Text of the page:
June 12, 2009

Automotive Technology Program Earns National Certification

A WNC student works in the automotive technology lab.
A WNC student works in the automotive technology lab.

Western Nevada College's Automotive Mechanics program has earned a strong endorsement from the national group that certifies training. Following an extensive examination of its courses, instructors and facilities, Western has earned a certification from the National Automotive Technicians Education Foundation (NATEF).

Not only did Western earn the certification, it also received high praise from Marvin Linville of Rocklin, Calif., who served as chief evaluator.

"Western really came through with flying colors; you have a really good program," Linville said. "NATEF certification is a direct link to the auto industry and shows that the auto program is up to a national level. Anything less, and the auto industry doesn't consider it a structured program."

The Automotive Service Excellence group certifies college level automotive programs. Completing a NATEF certified program usually means that a student is better prepared to pass the ASE tests, which are nationally recognized for their demanding level of required skills.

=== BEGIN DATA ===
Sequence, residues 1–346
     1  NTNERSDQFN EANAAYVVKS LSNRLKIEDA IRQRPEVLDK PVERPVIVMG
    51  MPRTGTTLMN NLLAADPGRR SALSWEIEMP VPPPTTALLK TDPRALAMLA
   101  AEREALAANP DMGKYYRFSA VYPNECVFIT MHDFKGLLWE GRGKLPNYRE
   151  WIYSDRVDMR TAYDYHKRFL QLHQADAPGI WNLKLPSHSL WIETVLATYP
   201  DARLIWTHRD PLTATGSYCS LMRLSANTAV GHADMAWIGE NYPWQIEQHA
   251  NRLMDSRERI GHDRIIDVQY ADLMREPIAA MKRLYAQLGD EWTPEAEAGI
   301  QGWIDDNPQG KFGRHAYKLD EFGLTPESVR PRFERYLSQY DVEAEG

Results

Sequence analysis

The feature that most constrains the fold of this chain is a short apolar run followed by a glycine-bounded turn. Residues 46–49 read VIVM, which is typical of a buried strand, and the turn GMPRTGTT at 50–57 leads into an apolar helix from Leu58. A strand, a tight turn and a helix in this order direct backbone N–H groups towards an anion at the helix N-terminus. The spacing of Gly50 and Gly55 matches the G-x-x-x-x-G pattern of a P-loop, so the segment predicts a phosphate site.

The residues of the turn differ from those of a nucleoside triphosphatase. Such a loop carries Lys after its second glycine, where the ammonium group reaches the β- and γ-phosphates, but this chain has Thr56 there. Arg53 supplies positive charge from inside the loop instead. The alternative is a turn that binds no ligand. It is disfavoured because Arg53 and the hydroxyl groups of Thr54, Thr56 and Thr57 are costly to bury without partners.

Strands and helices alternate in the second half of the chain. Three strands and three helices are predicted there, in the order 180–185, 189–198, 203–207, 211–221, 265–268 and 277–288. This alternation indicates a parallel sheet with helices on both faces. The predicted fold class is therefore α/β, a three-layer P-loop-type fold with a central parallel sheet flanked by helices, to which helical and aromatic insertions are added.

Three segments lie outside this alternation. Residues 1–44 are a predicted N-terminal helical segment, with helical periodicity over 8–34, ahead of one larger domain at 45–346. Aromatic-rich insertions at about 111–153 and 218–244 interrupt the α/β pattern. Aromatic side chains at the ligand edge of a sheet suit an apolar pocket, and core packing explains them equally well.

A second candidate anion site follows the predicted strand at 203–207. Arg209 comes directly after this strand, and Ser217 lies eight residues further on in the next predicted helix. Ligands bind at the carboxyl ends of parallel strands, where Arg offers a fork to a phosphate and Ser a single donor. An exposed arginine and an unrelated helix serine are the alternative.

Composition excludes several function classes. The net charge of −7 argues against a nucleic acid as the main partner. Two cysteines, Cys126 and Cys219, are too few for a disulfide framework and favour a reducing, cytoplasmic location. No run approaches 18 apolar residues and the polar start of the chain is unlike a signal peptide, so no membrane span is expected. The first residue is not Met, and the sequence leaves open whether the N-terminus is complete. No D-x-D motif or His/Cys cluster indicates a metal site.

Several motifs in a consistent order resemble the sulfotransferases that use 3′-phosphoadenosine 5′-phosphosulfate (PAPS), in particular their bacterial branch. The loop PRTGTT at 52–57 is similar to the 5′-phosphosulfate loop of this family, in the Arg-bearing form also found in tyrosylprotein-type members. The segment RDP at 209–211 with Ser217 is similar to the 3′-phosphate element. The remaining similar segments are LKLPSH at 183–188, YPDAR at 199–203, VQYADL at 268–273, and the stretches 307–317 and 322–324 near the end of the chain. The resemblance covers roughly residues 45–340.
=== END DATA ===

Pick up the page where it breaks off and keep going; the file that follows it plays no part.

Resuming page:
Western requested certification in the four required areas of brakes, electrical/electronic systems, engine performance, and suspension and steering.

Linville said the college's automotive technician program could seek certification in four other areas: automatic transmission and transaxle, engine repair, heating and air conditioning, manual drive train and axles.

NATEF sets standards for the content of instruction, which includes tasks, tools and equipment, hours and instructor qualifications. Western has been fortunate to have several part-time instructors who are ASE certified and works for local auto dealers.

Linville said the ASE came into being in the 1970s as automobiles became more complicated with smog controls and other advances, and there was a wide disparity in skill levels among auto technicians. Many more schools and training programs came into existence to teach mechanics and technicians the skills to work on more complicated vehicles.

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